One Play Post: Number Five

 

Torres

An older game this time, 1999, but I’ve just played it for the first time just recently. Torres is an abstract Spiel des Jahres winner from Michael Kiesling and Wolfgang Kramer. A three-dimensional abstract game. The board is an 8×8 grid and you place tower blocks next and on top of each other, you move your knights around to score points at the end of every round. There are three rounds and the player with the most points after the third round wins the game.

Before the game begins, you have to place eight starting tower blocks on their designated spots and then every player takes six knights in his colour. At the beginning of every new round, players also get an amount of tower blocks in stacks of a certain hight, depending on the amount of players and the round you are in.

In your turn, you can spend five action points to place a tower block, place a knight, move a knight (onto a tower for instance), exchange an action point for a regular point or buying an action card. Action cards give you more (surprising) movement or tower placement possibilities or they just give you more action points to spend in later turns. You can play one action card per turn and it costs you no action points. A castle can never be higher than its surface level is large, castles cannot be connected and you can’t use spaces that are occupied by other knights.

The most important question: How do you score points? The game plays over three rounds and every round has four turns per player. At the beginning of every round the King is placed (by the player with the least points) on a castle (a concatenation of towers). Players can score bonus points when they have a knight on that castle on a certain tower level. At he end of the first round you can score 5 bonus points when you have a knight on the first level. Second round, 10 bonus points when you have a knight on the second level. Third round, 15 points, third level. You can only score this way once per round.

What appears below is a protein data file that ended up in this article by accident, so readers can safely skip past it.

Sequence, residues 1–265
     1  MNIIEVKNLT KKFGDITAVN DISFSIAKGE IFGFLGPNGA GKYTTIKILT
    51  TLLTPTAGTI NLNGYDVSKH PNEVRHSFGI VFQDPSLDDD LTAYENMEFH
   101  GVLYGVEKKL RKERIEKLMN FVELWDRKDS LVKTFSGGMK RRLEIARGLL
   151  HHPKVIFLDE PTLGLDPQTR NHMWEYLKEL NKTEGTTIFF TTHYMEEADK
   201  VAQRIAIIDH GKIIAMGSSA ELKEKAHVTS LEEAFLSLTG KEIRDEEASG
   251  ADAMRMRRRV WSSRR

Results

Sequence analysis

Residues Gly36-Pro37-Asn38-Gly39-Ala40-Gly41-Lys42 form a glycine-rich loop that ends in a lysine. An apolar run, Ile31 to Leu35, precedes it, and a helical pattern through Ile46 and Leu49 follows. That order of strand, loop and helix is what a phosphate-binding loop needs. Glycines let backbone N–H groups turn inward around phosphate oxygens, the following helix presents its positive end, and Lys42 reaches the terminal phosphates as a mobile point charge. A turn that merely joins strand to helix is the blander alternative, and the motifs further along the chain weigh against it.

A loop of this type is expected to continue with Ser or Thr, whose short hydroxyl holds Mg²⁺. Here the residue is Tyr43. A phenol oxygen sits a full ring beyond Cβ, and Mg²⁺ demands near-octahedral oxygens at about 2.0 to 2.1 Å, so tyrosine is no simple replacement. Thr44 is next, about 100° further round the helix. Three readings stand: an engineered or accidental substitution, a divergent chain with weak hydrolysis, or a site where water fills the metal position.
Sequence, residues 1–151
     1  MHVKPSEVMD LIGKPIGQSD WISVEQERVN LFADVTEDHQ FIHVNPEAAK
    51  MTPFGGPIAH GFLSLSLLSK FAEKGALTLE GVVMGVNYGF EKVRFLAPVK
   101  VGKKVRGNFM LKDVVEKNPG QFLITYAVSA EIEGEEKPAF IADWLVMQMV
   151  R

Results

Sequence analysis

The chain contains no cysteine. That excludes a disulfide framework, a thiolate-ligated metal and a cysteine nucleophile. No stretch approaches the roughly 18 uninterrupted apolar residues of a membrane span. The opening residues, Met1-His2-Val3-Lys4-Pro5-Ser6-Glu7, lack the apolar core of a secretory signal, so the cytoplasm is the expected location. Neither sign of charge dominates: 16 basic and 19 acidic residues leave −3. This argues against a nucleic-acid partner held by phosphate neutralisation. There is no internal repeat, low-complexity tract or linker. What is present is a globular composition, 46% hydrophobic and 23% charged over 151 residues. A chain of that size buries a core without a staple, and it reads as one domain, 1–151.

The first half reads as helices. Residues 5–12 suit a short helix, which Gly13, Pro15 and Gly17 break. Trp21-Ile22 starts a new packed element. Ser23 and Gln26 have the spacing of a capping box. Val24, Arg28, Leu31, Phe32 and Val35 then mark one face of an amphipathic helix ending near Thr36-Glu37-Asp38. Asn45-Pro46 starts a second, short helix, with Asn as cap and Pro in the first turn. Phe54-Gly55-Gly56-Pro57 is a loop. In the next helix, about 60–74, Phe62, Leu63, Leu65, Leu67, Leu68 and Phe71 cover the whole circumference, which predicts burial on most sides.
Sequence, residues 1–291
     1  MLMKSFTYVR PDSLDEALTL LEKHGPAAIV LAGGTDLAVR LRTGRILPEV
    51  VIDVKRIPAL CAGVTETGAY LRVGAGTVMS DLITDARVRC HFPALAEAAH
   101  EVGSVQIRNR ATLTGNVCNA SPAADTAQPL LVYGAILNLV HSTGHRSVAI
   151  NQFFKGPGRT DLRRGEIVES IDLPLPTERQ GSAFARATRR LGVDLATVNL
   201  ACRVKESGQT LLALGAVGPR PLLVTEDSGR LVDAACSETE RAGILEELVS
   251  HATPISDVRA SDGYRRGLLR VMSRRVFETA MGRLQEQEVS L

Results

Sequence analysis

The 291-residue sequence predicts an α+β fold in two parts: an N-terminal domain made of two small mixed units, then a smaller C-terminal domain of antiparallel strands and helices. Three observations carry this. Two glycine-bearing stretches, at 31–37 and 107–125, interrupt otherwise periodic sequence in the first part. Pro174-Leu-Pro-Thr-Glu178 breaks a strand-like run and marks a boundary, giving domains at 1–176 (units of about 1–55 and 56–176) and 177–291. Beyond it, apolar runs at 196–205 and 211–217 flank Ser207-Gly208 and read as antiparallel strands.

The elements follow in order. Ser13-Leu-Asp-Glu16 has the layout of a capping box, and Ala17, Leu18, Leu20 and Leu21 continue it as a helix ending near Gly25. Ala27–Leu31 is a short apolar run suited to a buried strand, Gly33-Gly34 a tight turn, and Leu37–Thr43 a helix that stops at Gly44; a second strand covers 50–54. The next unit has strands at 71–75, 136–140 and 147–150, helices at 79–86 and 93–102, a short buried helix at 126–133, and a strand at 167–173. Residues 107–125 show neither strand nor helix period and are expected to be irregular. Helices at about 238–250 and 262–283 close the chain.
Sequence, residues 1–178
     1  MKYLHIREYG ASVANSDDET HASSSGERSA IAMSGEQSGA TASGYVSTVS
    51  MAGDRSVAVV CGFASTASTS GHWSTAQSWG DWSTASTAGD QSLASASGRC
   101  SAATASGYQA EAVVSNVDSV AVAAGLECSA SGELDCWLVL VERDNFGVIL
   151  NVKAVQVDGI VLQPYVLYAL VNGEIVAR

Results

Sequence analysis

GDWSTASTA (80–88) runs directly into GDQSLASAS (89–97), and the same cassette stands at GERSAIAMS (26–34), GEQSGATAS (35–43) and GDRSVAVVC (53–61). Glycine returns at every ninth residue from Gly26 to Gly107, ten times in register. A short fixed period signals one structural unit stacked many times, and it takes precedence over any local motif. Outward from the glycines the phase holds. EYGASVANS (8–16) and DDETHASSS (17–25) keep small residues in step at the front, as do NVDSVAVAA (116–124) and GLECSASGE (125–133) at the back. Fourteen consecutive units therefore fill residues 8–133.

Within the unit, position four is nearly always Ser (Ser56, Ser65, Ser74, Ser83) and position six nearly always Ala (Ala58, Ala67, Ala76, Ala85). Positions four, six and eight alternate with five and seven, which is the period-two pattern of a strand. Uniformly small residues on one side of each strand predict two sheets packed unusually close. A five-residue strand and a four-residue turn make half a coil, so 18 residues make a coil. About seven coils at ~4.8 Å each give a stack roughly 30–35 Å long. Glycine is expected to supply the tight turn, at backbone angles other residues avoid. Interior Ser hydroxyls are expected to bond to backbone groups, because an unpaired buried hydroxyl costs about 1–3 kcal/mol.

That were the bonus points. Every round you can score ‘regular’ points for one of your knight per castle. Your amount of points per castle equals the surface level times the hight of your highest knight in that castle.

That’s a quick description of the game.

Well, I found this game very fun. Easy rules, like many abstract games, but a lot of strategy. The action points system, although AP prone, works pretty well. You have to make a lot of choices and you have to spend your action points well. When you build towers, you have to build effectively, because you can only use one stack per turn and unused blocks are wasted at he end of your turn. You have to build for yourself, but you also need to make sure that other players don’t profit too much from your move, you have to think in a three-dimensional way.

The action card are really nice, with their help you can do all kinds of ‘surprising’ stuff. You can play this game as casual or as hardcore as you want. The basic version has luck of the draw when you draw the action cards. However, there is a ‘master’ version of the rules, which I have not played, where there’s little to no luck at all, because you have your own set of action cards instead of a general stack.

Torres2

We have played the basic game and there were moments where Analysis Paralysis lurked around the corner. You need to watch out for that, or not if you don’t care if you have to wait a while before it’s your turn again. Torres can be a real brain burner if you want to, you can calculate what your ideal move is, but I think it can also be a nice casual game. It’s easy to learn, it only takes an hour to play (if you keep the pace high) and it just looks good with all the tower blocks stacked on top of each other.

 

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